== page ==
Data-protection regime relaxed for coronavirus response as ICO pledges no GDPR action
NHS and government bodies will not be constrained, regulator and health secretary indicate
Public sector organisations responding to coronavirus will not face regulatory action under data-protection laws, the Information Commissioner’s Office has said.
Over the last few days, the regulator has issued updates and guidance indicating its commitment to take a “pragmatic” approach to its duties during the ongoing crisis. This, it said, means taking into account the “compelling public interest” in allowing NHS and government to respond to the pandemic with a speed and flexibility that may be at odds with carrying out data-protection measures with the usual stringency.
Consequently, the watchdog has said that it will not be taking any regulatory action against agencies responding to the coronavirus.
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"We understand that resources, whether they are finances or people, might be diverted away from usual compliance or information governance work,” the ICO said. “We won’t penalise organisations that we know need to prioritise other areas or adapt their usual approach during this extraordinary period.”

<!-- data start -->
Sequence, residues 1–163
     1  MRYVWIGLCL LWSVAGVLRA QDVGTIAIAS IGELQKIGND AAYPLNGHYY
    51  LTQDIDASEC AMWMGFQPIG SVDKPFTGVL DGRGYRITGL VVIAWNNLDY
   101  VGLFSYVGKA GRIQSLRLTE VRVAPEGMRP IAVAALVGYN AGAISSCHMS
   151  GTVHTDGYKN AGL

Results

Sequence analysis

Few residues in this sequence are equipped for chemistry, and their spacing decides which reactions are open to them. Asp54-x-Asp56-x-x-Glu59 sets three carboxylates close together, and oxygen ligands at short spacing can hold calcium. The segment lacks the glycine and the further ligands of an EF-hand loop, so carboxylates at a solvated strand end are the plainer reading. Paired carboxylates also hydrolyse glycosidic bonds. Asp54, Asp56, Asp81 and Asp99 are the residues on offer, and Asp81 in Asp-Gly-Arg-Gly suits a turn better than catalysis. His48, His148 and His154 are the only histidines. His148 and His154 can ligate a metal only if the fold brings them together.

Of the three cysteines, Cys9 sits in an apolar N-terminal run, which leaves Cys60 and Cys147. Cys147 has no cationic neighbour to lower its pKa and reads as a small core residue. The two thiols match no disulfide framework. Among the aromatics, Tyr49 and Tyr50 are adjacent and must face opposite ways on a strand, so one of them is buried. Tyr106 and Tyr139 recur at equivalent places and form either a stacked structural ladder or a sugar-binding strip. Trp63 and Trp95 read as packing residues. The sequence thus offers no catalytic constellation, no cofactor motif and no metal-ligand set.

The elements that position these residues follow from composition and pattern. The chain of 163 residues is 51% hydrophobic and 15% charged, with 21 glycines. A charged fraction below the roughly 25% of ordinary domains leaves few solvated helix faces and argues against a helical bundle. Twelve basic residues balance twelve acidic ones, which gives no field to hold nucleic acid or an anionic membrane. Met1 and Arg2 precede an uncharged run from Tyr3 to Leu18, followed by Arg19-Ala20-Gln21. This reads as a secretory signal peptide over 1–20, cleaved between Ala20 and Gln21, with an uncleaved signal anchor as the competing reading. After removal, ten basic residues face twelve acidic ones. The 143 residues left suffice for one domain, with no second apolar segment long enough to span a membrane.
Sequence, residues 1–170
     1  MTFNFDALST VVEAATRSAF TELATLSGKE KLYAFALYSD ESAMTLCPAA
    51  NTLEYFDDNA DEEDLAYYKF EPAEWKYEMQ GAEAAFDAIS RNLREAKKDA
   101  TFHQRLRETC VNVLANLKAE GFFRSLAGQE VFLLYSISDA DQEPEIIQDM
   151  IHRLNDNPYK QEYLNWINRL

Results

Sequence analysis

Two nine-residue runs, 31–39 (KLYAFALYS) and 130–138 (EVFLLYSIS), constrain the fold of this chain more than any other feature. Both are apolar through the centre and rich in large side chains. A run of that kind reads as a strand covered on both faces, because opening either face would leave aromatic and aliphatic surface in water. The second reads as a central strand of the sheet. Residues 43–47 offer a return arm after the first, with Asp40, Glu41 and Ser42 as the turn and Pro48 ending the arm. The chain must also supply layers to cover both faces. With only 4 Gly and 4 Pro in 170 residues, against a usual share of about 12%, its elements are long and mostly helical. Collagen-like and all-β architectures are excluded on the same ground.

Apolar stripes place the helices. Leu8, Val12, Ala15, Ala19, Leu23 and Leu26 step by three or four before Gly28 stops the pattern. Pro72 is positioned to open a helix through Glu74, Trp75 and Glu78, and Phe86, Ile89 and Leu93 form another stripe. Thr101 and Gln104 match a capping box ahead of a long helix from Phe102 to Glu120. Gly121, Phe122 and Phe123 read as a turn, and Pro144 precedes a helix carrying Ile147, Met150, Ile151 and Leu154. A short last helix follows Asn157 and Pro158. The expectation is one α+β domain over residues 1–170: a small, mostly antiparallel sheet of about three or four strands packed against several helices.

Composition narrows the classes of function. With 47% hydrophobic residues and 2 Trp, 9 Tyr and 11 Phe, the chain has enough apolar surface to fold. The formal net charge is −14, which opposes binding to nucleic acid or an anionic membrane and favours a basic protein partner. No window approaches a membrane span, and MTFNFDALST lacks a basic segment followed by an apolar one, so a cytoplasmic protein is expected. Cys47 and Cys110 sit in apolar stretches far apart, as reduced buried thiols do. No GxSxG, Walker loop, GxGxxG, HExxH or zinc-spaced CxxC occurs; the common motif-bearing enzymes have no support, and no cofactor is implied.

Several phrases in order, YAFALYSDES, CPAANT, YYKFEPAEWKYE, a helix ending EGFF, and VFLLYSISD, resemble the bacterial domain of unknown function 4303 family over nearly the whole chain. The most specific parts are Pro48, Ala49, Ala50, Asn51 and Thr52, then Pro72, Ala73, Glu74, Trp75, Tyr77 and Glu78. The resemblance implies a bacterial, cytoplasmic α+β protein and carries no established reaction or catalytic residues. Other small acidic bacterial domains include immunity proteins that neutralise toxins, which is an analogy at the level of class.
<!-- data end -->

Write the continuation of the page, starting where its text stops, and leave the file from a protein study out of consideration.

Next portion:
It added: “We can’t extend statutory timescales, but we will tell people through our own communications channels that they may experience understandable delays when making information rights requests during the pandemic.”
This message was reiterated by health secretary Matt Hancock, who tweeted to say that responding to coronavirus should take precedence over the requirements set out in the General Data Protection Regulation.
“GDPR does not inhibit use of data for coronavirus response,” he said. “GDPR has a clause excepting work in the overwhelming public interest. No one should constrain work on responding to coronavirus due to data protection laws. We are all having to give up some of our liberties; rights under GDPR have always been balanced against other public interests.”
Elsewhere in its guidance, the ICO said that regulation did not prevent public sector bodies sending unsolicited “public health messages”, nor is it prohibitive to using remote consultations and homeworking measures where necessary.
“Public bodies may require additional collection and sharing of personal data to protect against serious threats to public health,” it added.
Regulation also need not be considered a barrier to providing updates to staff on internal cases of infection and, if required, sharing employee health information with the relevant authorities.
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